Herbal drugs are blamed for deaths

Click to follow
Indy Lifestyle Online

Experts are blaming a mixture of prescription and herbal medicines for a huge rise in deaths caused by adverse reactions to drugs. A senior member of the British Medical Association is now calling for a study into the effects of interaction between prescription and herbal medication.

Dr Andrew Dearden of the BMA's prescribing subcommittee is concerned over a fivefold increase in the number of people dying from drug side-effects. New figures from the Audit Commission reveal that the total over 10 years rose by 500 per cent, from just over 200 in 1990 to more than 1,000 in 2000.

Dr Dearden said yesterday that problems often stemmed from a misunderstanding of the term "medical". "People don't realise that, when a GP asks them, 'Are you taking any other drugs?', he or she means over-the-counter and herbal drugs as well as prescription medicines.

They think that because something has the word 'herbal' in front of it, it's not medication. They don't realise that what they are taking can interfere and interact with prescription drugs."

Last year alone, the Medicines Control Agency and the Committee on Safety of Medicines received 18,000 reports of suspected adverse drug effects, and even this figure is thought to be a vast underestimate of the situation.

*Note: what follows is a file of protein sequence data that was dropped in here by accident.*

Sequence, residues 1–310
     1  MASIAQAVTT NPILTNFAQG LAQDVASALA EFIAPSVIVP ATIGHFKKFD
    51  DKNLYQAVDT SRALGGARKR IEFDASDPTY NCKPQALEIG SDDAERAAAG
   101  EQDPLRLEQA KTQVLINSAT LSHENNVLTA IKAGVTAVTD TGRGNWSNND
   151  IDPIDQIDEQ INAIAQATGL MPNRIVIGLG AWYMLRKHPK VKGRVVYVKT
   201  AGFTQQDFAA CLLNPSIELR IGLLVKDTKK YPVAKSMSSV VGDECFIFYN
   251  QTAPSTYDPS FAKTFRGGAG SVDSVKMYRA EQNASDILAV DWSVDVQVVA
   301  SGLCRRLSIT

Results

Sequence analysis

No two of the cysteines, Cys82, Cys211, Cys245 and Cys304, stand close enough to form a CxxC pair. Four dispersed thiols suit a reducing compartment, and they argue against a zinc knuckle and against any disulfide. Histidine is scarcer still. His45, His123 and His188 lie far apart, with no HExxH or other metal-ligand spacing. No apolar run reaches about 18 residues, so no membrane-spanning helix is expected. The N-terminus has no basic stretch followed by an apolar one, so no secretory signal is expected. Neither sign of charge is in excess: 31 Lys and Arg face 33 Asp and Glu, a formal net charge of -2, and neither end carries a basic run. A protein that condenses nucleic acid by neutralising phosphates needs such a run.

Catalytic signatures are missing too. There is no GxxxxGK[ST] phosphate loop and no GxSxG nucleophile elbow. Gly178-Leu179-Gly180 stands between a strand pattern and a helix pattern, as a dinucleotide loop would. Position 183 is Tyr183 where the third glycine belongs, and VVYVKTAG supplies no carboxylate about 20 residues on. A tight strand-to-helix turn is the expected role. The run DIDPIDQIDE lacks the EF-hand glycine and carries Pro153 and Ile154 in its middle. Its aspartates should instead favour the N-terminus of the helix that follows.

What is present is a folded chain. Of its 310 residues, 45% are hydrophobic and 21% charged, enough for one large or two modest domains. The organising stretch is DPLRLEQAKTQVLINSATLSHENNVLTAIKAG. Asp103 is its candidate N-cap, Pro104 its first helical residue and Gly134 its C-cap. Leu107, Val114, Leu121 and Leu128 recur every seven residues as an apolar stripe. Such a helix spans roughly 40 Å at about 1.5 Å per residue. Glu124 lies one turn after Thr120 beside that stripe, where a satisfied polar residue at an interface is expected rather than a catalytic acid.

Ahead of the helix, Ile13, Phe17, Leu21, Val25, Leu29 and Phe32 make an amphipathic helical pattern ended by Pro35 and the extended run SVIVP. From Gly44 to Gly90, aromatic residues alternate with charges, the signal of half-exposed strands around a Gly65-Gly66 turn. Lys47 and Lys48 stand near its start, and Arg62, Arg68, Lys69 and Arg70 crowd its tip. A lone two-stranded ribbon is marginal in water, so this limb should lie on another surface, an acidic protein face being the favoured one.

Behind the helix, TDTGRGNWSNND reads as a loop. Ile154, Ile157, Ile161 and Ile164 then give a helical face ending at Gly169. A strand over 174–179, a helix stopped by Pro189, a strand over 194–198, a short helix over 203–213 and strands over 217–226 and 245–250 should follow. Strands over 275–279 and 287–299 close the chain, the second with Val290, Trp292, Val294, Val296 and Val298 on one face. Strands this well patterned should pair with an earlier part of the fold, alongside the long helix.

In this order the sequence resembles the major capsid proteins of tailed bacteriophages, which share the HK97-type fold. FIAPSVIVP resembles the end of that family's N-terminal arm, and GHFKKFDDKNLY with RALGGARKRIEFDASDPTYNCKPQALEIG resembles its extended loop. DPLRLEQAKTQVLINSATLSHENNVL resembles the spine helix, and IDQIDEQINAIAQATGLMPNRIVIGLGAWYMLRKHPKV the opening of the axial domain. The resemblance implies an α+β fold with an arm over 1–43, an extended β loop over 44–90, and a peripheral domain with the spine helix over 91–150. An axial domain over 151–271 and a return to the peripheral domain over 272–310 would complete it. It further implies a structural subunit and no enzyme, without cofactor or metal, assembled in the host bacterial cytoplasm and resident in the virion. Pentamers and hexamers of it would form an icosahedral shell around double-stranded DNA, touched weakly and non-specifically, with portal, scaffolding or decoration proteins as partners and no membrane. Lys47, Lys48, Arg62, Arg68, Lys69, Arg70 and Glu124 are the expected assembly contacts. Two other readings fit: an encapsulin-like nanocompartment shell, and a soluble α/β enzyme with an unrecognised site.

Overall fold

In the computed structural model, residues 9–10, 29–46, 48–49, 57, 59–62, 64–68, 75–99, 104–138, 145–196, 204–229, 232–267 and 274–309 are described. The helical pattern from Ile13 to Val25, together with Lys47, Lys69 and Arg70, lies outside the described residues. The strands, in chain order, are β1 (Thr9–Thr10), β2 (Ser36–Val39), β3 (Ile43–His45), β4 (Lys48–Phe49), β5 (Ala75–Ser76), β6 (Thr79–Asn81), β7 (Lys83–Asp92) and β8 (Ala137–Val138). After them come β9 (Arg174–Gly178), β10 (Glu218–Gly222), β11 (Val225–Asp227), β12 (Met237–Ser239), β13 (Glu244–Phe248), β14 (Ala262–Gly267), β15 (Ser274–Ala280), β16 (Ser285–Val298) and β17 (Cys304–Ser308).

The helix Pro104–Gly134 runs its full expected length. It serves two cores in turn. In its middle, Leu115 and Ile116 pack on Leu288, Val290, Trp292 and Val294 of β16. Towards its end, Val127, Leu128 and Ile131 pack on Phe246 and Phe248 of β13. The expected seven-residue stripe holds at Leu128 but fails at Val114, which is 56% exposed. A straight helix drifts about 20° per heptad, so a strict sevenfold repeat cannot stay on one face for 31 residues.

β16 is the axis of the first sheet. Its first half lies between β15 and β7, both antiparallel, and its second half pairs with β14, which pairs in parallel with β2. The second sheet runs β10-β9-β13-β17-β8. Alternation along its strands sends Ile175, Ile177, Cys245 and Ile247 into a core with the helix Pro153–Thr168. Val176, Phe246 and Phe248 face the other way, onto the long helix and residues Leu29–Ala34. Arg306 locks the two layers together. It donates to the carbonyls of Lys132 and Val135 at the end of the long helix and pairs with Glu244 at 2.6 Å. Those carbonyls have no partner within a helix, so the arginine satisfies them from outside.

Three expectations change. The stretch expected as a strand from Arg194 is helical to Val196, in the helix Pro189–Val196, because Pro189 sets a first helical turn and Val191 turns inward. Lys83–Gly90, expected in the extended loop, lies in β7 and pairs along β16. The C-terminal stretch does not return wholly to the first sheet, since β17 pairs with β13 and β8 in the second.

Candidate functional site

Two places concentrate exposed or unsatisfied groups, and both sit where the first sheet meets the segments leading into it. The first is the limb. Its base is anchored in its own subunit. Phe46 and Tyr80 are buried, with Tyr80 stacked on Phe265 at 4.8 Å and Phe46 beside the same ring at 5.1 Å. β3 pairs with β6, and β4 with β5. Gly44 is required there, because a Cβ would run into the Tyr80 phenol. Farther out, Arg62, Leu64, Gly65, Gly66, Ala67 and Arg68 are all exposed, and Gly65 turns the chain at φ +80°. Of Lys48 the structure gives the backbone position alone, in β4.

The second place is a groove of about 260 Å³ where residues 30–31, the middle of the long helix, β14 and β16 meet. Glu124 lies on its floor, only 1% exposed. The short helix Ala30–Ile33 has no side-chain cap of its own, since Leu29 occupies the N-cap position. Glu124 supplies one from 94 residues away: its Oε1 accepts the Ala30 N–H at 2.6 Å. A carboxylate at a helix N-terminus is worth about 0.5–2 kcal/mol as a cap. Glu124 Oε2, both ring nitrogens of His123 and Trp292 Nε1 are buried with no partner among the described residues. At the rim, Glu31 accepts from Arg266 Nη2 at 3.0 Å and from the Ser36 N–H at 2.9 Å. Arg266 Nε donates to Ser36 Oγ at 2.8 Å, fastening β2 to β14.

"One problem is that society is becoming more and more drug oriented," said Dr Dearden, who expresses his concerns in April's Cosmopolitan Zest magazine. "Drug companies are marketing so many products now, and they have become increasingly used as relaxation and enjoyment agents. The problem is that prescription drugs are studied to determine their interaction, but herbal remedies don't have to go through this. A lot are unknown quantities in medical terms."

More than five million Britons now regularly use herbal medicines, to alleviate conditions as diverse as rheumatism, asthma, insomnia and depression.

A study at Exeter University, listed 108 cases of herb/drug interactions, and identified risks for individuals. Last week the European Commission took steps to ban up to 300 substances found in over-the-counter vitamin and mineral supplements.

Dr Dearden said herbal remedies could also be responsible for the dilution of medication. In the case of the Pill, this could result in unplanned pregnancies.

David Tredinnick MP, Treasurer of the Parliamentary Group for Complimentary and Integrated Health Care said: "We ought to be encouraging the use of alternative medicine, not restricting it. They should teach doctors about it, and bring it inside the NHS."

Comments